Former college swimmers Riley Gaines and Paula Scanlan faced a challenging situation as they joined Texas Governor Greg Abbott for the ceremonial signing of the ‘Save Women’s Sports Act’. The bill, aimed at preventing biological men from competing against female athletes in Texas colleges and universities, has garnered attention and sparked protests.
As the governor and athletes gathered at the Texas Women’s Hall of Fame in Denton, around 250 protesters were outside expressing their opposition. Scanlan, a former University of Pennsylvania swimmer, reported that some of the protesters spat and yelled at them, even blocking exits as they tried to leave. Gaines, a 12-time NCAA All-American swimmer, added that bottles were thrown and profanities were hurled at children, necessitating the intervention of law enforcement for protection.
Videos captured the protesters chanting slogans like ‘trans rights are human rights’ and displaying placards and transgender pride flags. Police officers escorted young girls out of the building amidst the shouting and waving of protesters. Despite the chaos, Scanlan took to Twitter to express her relief at being able to exit the event safely. She emphasized that their work in Texas is not finished and hopes other states will follow suit.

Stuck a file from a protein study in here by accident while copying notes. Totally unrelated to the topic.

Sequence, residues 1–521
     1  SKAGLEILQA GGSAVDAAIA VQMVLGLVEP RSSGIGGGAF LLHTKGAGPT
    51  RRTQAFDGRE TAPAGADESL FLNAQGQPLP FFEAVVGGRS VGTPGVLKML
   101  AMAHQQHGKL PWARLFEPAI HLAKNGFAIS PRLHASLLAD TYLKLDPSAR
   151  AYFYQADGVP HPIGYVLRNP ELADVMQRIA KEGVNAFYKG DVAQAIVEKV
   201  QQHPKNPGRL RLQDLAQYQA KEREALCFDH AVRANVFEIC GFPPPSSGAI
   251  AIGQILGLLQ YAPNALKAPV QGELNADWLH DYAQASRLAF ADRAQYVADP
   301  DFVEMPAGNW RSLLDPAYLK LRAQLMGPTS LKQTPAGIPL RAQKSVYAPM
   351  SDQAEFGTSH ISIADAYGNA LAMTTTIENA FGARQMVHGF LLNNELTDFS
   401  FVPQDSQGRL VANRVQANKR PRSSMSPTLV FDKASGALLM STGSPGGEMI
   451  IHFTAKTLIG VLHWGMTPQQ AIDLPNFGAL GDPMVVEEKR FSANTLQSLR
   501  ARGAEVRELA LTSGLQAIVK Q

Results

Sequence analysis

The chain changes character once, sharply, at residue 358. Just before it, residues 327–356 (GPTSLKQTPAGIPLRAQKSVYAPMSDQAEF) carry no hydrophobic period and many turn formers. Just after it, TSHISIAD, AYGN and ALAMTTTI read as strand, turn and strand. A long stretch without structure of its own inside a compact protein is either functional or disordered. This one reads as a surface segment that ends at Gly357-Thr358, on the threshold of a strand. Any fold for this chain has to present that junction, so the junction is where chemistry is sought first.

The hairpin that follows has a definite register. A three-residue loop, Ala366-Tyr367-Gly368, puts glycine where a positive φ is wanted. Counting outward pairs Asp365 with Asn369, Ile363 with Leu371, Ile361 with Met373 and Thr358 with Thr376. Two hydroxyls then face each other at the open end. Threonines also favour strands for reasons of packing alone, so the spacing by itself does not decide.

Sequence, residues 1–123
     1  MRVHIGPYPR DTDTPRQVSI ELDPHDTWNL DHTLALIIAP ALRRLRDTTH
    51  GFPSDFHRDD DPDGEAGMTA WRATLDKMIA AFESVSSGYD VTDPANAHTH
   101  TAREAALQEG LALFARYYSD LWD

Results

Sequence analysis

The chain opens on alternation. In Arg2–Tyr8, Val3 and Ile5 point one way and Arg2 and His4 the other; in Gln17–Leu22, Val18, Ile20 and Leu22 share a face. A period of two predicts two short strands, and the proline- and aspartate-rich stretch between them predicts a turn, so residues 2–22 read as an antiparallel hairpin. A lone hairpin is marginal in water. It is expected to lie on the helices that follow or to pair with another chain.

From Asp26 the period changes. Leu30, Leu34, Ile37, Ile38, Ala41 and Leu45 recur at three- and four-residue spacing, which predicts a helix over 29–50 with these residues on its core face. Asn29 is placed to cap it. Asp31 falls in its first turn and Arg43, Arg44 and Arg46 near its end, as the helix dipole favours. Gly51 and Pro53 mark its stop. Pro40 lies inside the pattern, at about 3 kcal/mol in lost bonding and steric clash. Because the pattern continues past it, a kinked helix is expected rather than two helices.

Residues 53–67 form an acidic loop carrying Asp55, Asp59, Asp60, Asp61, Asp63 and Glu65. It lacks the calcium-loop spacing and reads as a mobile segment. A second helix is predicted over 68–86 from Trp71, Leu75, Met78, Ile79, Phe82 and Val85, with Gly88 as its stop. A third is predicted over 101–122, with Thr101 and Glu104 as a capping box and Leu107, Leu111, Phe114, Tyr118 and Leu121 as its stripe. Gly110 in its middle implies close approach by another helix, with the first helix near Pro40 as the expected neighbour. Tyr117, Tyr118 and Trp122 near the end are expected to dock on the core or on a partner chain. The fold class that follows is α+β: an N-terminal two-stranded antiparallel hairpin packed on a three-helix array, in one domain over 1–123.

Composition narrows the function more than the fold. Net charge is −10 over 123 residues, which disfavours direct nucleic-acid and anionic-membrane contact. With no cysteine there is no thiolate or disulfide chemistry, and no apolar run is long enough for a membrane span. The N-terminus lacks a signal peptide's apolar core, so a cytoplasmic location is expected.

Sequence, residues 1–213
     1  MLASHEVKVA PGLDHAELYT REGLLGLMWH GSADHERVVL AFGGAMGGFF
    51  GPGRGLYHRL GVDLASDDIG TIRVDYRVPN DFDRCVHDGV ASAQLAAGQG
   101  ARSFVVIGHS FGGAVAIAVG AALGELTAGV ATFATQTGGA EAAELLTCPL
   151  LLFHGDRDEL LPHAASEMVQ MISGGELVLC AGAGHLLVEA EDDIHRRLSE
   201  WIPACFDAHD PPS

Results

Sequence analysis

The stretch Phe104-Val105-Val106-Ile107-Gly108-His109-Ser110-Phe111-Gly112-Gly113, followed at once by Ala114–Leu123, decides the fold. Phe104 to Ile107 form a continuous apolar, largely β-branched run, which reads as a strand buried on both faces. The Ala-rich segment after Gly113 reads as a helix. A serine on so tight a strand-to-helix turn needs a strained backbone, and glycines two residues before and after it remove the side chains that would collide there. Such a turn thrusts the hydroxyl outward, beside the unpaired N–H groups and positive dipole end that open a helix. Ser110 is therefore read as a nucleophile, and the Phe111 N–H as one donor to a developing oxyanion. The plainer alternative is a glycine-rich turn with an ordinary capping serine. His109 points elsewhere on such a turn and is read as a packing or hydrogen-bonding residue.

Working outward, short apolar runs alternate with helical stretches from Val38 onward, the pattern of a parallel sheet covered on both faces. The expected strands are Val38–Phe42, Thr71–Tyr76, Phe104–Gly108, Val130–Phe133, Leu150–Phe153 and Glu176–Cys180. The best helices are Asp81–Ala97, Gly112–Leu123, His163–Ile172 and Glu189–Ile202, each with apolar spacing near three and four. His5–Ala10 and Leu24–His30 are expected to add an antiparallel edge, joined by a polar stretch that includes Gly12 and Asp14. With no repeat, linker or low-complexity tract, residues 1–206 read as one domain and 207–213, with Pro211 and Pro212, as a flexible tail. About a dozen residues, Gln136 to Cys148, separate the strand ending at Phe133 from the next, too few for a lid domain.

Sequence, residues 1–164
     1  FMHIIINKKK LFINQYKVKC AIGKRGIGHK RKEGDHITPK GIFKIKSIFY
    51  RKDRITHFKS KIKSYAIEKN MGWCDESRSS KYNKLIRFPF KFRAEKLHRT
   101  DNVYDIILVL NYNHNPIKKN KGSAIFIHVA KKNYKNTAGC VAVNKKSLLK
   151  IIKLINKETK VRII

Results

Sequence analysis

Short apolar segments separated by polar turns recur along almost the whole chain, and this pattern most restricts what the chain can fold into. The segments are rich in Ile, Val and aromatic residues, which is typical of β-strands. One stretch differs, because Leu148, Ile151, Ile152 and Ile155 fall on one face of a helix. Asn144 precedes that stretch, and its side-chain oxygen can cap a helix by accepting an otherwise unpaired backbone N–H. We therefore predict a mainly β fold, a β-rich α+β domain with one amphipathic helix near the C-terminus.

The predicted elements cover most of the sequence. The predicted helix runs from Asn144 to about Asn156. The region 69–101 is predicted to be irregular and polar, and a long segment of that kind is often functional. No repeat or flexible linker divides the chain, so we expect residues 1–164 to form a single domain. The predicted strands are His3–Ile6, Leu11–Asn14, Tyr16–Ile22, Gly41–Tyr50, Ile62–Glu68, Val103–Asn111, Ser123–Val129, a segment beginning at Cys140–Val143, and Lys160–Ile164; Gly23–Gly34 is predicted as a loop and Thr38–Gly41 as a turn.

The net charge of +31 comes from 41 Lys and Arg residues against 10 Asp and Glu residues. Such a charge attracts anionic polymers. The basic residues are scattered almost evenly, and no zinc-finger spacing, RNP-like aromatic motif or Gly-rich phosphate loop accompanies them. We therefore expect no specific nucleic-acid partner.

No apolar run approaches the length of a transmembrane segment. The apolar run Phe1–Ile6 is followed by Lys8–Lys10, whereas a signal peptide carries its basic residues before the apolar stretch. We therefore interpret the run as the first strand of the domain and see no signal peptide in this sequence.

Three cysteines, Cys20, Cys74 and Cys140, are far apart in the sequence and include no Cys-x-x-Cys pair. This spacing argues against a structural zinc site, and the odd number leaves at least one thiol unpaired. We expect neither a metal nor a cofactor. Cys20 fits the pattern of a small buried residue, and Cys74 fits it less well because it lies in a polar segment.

Macy Petty, a volleyball player from Lee University who also attended the event, described the protesters as extremely hostile. Michelle Evans, the leader of the Independent Women’s Network’s Austin chapter, referred to them as ‘rabid’. Evans herself claimed to have been assaulted while observing the protest outside the building. Law enforcement intervened, and the suspect was reportedly issued a ticket for misdemeanor assault.
Governor Abbott addressed the protests during a press conference following the event. He expressed his wish that the protesters could have peacefully listened to what Scanlan and Gaines had to say. He acknowledged that they should not have had to endure such treatment and vowed to prevent similar incidents in the future.
The ‘Save Women’s Sports Act’, also known as SB 15, will take effect in Texas on September 1. This legislation follows a similar law signed by Governor Abbott in 2021, which requires public high school teams to be designated based on students’ sex assigned at birth. At least 20 other states have passed comparable legislation to protect women’s sports.